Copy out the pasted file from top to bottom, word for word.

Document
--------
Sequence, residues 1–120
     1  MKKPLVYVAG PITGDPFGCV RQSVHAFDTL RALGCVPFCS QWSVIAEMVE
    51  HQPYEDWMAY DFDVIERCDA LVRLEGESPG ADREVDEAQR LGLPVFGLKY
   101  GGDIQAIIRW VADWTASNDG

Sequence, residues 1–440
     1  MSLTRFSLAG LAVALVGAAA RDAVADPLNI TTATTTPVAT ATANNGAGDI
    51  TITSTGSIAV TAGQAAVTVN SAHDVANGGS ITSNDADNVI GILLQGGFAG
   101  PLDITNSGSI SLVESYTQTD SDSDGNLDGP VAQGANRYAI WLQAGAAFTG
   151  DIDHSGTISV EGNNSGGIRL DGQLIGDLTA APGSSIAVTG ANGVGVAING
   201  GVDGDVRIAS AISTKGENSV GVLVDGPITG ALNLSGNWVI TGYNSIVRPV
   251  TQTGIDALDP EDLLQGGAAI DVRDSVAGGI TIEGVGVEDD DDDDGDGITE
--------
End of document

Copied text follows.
Sequence, residues 1–120
     1  MKKPLVYVAG PITGDPFGCV RQSVHAFDTL RALGCVPFCS QWSVIAEMVE
    51  HQPYEDWMAY DFDVIERCDA LVRLEGESPG ADREVDEAQR LGLPVFGLKY
   101  GGDIQAIIRW VADWTASNDG

Sequence, residues 1–440
     1  MSLTRFSLAG LAVALVGAAA RDAVADPLNI TTATTTPVAT ATANNGAGDI
    51  TITSTGSIAV TAGQAAVTVN SAHDVANGGS ITSNDADNVI GILLQGGFAG
   101  PLDITNSGSI SLVESYTQTD SDSDGNLDGP VAQGANRYAI WLQAGAAFTG
   151  DIDHSGTISV EGNNSGGIRL DGQLIGDLTA APGSSIAVTG ANGVGVAING
   201  GVDGDVRIAS AISTKGENSV GVLVDGPITG ALNLSGNWVI TGYNSIVRPV
   251  TQTGIDALDP EDLLQGGAAI DVRDSVAGGI TIEGVGVEDD DDDDGDGITE